'Wall Street'

CATHY BURKE, United Press International

'Wall Street,' the new film by director Oliver Stone ('Platoon'), is updated Faust: The devil gambles in corporate shares and a poor-but-honest stockbroker sells his soul for a piece of a multimillion-dollar illusion.

Stone, who dedicated the movie to his late father, a stockbroker, started out with this well-worn theme, then created a new kind of villain, played wonderfully by Michael Douglas, for a new kind of generation, one exposed to the rise and fall of 'corporate raiders' who gamble millions on America's big and small corporations.


How these raiders -- some call them pirates -- operate is the background against which this film's Faust unfolds. It is a story almost everyone knows: Ambition battles morality, wins, then loses. In 'Wall Street,' redemption comes with a probable jail sentence on federal charges of securities fraud.

What makes 'Wall Street' a good film isn't that its release comes at a time when America's attention is riveted on fortunes that seem to be crumbling in the stock market crash of 1987. It's something much less timely, but truly timeless: the devil himself, recreated in 'Wall Street' as Gordon Gekko (Douglas), suave, sophisticated, smart, cynical, ruthless and heartless.


For different reasons, two young people, both talented and both insecure, are drawn to Gekko. The beautiful decorator, played by Daryl Hannah, owes her career to Gekko but is afraid to cross him because she's afraid what life without money would be like. Bud Fox, played by Charlie Sheen, is the smart young stockbroker who believes he can be a little dishonest as long as it doesn't hurt anybody.

Fox fights to be noticed by Gekko, and when he wins his attention, learns that further favors require that Fox get prized information - anyway he can. Such information is the basis on which big deals are made. Fox wavers only a moment before deciding that the ends will justify the means, and he begins a skyrocketing career that makes him enough money to buy the kind of upscale life you see on 'Lifestyles of the Rich and Famous.'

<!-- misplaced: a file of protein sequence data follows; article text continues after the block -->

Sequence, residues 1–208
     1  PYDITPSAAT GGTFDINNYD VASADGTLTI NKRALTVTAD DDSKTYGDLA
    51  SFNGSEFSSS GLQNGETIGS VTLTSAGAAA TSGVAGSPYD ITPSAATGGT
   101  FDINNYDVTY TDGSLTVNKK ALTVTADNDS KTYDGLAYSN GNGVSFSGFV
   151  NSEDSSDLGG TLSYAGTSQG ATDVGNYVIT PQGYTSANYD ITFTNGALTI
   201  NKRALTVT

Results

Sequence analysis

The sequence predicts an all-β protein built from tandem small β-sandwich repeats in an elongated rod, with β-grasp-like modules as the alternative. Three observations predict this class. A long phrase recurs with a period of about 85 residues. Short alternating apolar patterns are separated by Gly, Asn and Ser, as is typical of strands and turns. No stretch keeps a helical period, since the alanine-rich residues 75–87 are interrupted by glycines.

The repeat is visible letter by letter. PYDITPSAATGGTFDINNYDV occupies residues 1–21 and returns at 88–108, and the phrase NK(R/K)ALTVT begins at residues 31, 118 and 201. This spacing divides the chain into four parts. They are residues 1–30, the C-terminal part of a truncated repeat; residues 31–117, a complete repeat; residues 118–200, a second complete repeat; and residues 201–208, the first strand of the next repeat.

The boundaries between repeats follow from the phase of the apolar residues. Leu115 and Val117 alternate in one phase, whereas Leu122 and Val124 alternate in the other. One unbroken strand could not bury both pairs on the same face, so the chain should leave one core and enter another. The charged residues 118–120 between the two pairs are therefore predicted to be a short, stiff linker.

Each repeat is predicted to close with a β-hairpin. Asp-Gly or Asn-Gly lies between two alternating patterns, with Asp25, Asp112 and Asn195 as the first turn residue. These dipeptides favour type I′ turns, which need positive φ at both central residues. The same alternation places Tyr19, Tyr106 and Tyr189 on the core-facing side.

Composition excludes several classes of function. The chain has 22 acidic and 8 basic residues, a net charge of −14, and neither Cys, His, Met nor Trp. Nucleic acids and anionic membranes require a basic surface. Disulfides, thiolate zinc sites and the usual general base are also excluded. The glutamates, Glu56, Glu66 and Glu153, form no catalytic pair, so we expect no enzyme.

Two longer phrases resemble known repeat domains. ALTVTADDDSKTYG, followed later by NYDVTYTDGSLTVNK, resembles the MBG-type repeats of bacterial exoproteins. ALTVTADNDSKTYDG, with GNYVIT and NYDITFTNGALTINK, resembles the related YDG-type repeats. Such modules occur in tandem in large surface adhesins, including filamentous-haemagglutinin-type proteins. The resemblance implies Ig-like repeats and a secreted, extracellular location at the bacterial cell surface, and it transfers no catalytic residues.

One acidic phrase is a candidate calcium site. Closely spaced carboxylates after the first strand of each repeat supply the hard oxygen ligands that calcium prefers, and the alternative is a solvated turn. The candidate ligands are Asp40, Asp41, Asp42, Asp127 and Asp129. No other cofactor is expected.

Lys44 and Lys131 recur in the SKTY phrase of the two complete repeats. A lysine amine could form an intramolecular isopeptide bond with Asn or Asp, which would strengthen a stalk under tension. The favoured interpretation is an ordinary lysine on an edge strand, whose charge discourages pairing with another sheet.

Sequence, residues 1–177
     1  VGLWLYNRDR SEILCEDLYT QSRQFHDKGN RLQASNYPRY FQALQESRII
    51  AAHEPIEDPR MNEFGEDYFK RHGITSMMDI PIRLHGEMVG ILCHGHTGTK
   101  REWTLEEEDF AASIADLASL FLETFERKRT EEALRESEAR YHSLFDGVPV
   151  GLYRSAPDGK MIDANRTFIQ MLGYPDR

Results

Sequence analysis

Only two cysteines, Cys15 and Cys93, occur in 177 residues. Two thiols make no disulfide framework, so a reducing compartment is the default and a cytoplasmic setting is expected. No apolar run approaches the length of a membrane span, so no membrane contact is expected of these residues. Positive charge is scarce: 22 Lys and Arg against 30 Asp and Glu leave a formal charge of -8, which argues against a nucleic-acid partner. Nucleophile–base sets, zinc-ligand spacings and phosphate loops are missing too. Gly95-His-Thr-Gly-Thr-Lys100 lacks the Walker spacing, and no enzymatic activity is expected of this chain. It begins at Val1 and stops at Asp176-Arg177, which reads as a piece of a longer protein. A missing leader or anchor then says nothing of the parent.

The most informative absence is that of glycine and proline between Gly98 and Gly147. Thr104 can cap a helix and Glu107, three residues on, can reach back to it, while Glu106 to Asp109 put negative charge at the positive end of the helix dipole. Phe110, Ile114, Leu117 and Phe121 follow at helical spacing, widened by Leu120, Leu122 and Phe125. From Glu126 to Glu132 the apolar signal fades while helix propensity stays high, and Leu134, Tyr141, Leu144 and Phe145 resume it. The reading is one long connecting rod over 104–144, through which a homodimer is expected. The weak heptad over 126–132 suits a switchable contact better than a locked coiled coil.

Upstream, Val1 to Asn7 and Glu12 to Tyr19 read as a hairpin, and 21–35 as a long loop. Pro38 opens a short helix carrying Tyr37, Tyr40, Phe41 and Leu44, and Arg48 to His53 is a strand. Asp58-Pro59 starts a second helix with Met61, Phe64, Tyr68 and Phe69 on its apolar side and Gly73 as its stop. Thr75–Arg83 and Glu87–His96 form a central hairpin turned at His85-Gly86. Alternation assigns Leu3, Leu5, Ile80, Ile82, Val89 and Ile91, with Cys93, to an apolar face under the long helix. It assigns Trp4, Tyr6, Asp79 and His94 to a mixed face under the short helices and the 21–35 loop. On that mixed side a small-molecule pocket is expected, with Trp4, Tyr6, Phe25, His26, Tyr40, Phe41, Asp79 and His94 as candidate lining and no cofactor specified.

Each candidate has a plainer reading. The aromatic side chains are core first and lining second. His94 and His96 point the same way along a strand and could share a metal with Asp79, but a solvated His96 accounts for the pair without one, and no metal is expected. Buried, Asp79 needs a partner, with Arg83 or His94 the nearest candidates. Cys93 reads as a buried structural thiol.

The deal that turns it all sour, however, is the one in which Fox helps Gekko take over the airline at which Fox's father, played by Sheen's real-life father, Martin Sheen, has worked for 24 years. Gekko, true to form, lies about his intentions for the firm, and the young Fox finally sees that he may cause the demise of the firm and lose the respect of his father as well.


The conflict may be familiar, but Stone brings the mystery of Wall Street's heros and villains, its big-stakes players and two-bit salesmen into sharp focus. It's a look that is both exhilarating and astounding.

Yet what's most astounding about 'Wall Street' is the pure magic of Douglas's villainy. At the heart of the film is a speech Gekko gives at a shareholders meeting of the mythical corporation, Teldar Paper. The speech was based on one given by real-life corporate raider Ivan Boesky, now barred from trading in the securities industry in this country.

'The point is, ladies and gentlemen, greed is good. Greed works. Greed is right. Greed clarifies, cuts through and captures the essence of the evolutionary spirit. Greed in all its forms, greed for life, money, love, knowledge, has marked the upward surge of mankind. And greed, mark my words, will save not only Teldar Paper, but that other malfunctioning corporation called the U.S.A.'

The words are delivered with such cynical force, it could lure the angels into a hostile takeover of heaven. Only a great actor could make you wonder -- just for a moment, as Bud Fox does -- if a little greed might not be OK after all, especially if it can buy the right to one day live out your more honest dreams.


To its credit, 'Wall Street' doesn't end with simple redemption. But for all its updates and twists on an old theme, it is the devil himself -- unapologetic and evil -- that you remember best about this Wall Street Faust.

This film is rated R. Movie contains strong language and nudity.

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